Our organizational systems have to be rethought. Reading the book of John Medina, I could not help thinking of a friend dedicated and very talented cardiologist in Paris who accumulated sleep loss for many years. Inappropriate systems affect cognitive abilities of those who are subject to it. The Digital Revolution obliges us to rethink our organizational modes. I hope that we will not forget the human and basic needs. This way of thinking could also reduce violence behavior in family and society.
There are enough studies that prove that a student who sleeps sufficiently can go from failure to success in a very short time. Reading on the subject, I realize that ultimately it is often bad habits that products insomnia and that we can pass these deficiencies generation to generation. Moreover, a young man who has a sleep deficit may find himself, in end than a week, with a body equivalent to 60 years old: sleep loss has a direct impact on premature aging. In my previous article, I recommended two small steps to get started : keeping a 7:5 hours sleep per night and, if possible, going to bed before midnight.
Here is a summary of some additional tips from experts :
"An apple a day keeps the doctor away." is still quite relevant. Scientific studies have shown an apple's antioxidant qualities and effectiveness in reducing the risk of cardiovascular disease, diabetes and obesity. "Thanks to two key components, pectin and polyphenols, apples can lower blood cholesterol levels and prevent the oxidation of LDL (bad) cholesterol — the chemical process that turns it into artery-clogging plaque. Make sure you eat the peel because apple skin has two to six times the antioxidant compounds as the flesh. Consuming apples has been shown to decrease the risk of lung, breast, liver, colon, and other cancers, as well as heart disease and asthma."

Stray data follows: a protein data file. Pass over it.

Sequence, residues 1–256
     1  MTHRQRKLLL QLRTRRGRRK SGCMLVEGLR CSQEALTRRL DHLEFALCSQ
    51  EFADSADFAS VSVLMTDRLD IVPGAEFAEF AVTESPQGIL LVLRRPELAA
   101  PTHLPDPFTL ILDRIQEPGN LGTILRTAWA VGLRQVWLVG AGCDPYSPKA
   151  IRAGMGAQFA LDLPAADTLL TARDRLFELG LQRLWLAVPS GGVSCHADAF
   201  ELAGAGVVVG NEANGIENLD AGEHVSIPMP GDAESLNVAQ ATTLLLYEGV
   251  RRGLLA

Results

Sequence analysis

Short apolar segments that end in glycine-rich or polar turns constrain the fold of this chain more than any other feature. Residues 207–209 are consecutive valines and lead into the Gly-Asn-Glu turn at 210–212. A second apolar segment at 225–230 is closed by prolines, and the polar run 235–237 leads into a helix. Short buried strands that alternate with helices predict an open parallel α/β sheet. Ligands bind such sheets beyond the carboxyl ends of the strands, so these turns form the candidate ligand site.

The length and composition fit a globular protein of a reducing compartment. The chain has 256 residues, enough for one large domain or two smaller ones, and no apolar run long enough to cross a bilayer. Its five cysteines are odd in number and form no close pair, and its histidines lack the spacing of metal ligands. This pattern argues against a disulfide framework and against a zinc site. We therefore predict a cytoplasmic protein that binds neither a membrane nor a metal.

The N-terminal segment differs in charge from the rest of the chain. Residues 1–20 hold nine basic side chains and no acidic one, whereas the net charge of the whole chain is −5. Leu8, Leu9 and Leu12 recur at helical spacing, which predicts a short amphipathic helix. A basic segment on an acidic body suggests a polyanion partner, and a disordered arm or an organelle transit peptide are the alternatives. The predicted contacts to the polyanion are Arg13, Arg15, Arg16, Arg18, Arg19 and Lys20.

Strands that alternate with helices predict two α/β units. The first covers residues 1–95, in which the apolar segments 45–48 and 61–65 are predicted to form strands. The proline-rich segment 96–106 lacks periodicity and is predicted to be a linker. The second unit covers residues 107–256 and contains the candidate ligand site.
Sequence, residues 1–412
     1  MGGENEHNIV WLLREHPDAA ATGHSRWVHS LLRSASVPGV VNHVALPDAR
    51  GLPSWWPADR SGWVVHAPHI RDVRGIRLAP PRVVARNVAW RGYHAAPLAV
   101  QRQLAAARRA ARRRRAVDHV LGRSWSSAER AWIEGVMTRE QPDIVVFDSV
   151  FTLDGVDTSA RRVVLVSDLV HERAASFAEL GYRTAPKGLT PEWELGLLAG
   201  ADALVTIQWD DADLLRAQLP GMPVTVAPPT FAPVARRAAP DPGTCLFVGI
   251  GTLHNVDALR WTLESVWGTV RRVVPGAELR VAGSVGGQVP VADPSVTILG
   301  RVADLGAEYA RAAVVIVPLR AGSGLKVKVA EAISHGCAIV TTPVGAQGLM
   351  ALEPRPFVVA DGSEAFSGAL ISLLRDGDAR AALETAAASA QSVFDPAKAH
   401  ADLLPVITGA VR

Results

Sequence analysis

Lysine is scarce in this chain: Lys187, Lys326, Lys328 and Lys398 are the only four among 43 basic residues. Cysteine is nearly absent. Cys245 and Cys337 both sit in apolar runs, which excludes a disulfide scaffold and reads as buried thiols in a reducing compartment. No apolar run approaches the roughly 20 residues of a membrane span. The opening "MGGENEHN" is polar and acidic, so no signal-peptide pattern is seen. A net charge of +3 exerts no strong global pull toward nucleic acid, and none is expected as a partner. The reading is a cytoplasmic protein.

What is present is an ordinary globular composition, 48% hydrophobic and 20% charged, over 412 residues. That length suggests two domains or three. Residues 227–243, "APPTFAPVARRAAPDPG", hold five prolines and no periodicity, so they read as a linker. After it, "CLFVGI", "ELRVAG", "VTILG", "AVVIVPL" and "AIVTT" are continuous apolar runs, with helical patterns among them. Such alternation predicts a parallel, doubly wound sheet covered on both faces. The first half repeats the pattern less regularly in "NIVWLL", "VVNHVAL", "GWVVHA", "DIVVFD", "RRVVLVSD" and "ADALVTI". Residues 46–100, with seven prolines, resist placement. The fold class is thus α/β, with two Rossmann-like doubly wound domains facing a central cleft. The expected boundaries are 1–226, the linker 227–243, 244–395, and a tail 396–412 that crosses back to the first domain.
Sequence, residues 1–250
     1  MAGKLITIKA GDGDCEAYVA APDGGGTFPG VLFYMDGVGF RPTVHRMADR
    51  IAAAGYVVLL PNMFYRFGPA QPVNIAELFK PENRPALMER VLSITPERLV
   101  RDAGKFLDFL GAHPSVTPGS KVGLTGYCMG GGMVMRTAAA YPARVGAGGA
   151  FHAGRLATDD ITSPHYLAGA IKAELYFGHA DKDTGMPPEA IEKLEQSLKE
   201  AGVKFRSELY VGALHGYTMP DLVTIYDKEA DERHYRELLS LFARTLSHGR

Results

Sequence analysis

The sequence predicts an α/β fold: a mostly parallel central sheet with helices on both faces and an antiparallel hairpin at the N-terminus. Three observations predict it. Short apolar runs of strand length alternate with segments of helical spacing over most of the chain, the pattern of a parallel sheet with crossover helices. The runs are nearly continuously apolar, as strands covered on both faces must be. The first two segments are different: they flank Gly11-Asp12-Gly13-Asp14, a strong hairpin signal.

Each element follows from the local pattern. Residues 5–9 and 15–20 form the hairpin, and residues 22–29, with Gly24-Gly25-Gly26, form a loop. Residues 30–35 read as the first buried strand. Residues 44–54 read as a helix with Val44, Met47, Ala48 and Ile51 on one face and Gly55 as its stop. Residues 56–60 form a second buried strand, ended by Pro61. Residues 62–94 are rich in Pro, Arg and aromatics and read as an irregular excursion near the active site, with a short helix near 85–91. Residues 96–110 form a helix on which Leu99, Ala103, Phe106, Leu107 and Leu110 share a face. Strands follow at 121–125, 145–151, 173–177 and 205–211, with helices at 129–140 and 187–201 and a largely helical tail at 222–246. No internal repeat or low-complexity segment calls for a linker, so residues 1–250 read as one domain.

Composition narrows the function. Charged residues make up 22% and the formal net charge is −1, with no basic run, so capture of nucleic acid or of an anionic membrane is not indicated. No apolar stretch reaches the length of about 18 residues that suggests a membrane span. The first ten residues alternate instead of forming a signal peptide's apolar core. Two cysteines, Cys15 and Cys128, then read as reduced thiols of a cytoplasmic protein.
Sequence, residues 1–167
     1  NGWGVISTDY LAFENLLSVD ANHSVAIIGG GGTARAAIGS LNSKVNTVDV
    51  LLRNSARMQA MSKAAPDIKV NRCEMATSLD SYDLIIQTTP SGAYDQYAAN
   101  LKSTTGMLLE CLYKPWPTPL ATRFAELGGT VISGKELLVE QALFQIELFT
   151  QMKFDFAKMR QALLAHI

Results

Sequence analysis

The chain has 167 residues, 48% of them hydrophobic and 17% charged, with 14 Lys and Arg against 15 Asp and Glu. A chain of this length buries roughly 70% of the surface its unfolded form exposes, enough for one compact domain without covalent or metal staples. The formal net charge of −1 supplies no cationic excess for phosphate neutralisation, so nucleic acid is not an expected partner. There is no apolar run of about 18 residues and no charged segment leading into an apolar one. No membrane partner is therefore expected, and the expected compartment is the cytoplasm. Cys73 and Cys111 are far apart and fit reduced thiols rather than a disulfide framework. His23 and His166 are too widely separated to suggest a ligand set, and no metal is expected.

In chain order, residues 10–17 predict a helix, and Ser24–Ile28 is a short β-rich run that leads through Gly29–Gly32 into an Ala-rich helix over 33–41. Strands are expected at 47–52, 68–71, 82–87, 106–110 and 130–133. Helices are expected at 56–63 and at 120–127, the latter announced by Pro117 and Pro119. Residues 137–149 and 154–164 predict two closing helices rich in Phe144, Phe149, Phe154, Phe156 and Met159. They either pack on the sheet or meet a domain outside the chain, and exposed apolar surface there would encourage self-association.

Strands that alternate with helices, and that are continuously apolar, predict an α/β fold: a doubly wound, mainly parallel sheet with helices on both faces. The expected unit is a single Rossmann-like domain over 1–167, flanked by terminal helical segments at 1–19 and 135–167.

Apples have also been linked to brain benefits. In animal studies, eating apples has been shown to potentially decrease the risk of Alzheimer’s disease and to decrease age related mental decline. These benefits are thought to be because they boost the production of acetylcholine, a chemical that transmits messages between nerve cells. The quercetin in apples has been shown to protect brain cells from free radical damage.
Studies have shown that eating white fleshed fruits and vegetables, such as apples and pears, could reduce stroke risk by as much as 52%. A Dutch study published in “Stroke: Journal of the American Heart Association,” determined that each 25 gram per day increase in white fruits and vegetable consumption was linked with a 9 percent lower stroke risk. The average apple weighs 120 grams. ."Just an apple a day could reduce your risk of stroke to the degree in the study." wrote Debbie Hampton, on her blog, The Best Brain possible.
A creative mind needs a healthy brain.
MEDINA JOHN, Brain Rules: 12 Principles for Surviving and Thriving at Work, Home and School
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HAMPTON DEBBIE, http://www.thebestbrainpossible.com/